Few persons, probably, have considered economy and taxation moral issues. But Mr. Coolidge so considers them, and his observations give a fresh impression of the intensity of his feeling on this subject. He holds that economy, in connection with tax reduction and tax reform, involves the principle of conservation of national resources. A nation that dissipates its resources falls into moral decay. Extravagance lengthens the hours and diminishes the rewards of labor. “I favor the policy of economy,” says Mr. Coolidge, “not because I wish to save money, but because I wish to save people” [emphasis added]. He would protect those who toil by preventing the waste of the fruits of their labor. The burden of taxation is excessive. It makes life more meager, and falls hardest upon the poor. The United States is fortunate above other nations in the opportunity to economize. It is at peace and business activity has been restored. “The collection of any taxes which are not absolutely required, which do not beyond reasonable doubt contribute to the public welfare is only a species of legalized larceny,” is Mr. Coolidge’s vigorously expressed conclusion on the subject of economy.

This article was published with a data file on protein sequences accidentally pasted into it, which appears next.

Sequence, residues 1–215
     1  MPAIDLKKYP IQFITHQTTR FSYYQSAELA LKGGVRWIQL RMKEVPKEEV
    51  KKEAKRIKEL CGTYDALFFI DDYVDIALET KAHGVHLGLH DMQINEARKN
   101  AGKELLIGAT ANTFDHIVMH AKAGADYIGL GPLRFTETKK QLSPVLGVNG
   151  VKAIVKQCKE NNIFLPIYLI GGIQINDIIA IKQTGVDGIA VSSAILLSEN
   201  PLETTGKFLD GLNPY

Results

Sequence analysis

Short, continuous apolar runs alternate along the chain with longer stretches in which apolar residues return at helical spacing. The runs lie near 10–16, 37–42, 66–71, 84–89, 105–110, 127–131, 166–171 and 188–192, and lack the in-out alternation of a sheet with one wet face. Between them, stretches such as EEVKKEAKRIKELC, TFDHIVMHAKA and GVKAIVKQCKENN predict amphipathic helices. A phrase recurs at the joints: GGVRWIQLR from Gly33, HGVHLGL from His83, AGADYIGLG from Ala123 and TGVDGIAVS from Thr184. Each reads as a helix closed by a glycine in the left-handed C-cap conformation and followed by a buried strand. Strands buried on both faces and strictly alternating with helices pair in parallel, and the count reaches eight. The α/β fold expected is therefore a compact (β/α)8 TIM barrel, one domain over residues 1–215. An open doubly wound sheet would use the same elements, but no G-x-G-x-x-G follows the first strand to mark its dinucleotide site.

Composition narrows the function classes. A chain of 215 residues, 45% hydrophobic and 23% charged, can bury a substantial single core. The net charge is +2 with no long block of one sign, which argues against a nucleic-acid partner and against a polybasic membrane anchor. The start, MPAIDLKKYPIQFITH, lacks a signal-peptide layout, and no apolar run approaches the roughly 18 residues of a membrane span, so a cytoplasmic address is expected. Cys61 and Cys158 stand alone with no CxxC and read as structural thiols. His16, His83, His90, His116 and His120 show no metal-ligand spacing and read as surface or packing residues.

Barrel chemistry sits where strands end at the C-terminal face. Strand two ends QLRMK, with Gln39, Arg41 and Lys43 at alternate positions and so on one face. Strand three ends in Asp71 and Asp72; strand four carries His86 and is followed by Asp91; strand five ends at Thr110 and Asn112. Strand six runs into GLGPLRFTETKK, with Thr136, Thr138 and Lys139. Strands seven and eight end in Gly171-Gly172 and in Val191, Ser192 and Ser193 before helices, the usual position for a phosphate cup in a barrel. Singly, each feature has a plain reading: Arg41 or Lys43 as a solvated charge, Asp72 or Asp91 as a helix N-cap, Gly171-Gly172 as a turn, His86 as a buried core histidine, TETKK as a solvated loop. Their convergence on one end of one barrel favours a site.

It’s a logical, simple, and a deeply moral message. Some might call it common sense. Our times and the economic peril we face clearly calls for a commitment to reducing government spending and our tax burden. It has fallen on deaf ears in Washington and much of America. Coolidge’s words resonate today because it is the cure for our fiscal cliff and the ailing economy. And as Coolidge understood so well, it is the moral thing to do.

Blog author: dpahman
Thursday, November 29, 2012
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According to AEI author Mark Perry, there is another education-related “bubble” to worry about: the textbook bubble. He writes that this textbook bubble “continues to inflate at rates that make the U.S. housing bubble seem relatively inconsequential by comparison.” He continues, “The cost of college textbooks has been rising at almost twice the rate of general CPI inflation for at least the last thirty years.” Given that many students use loan money to purchase books as well as pay for classes, we might think of this as one of the many sources pumping air into the student debt bubble. But what choice do students (or professors, for that matter) have than to surrender to the textbook “cartel,” as Perry characterizes it? This bubble popping, while a bad thing for the textbook bubble-boys committed to the old, cartel-style model, could be a small relief and contribute to slowing the growth rate of the student debt bubble. (more…)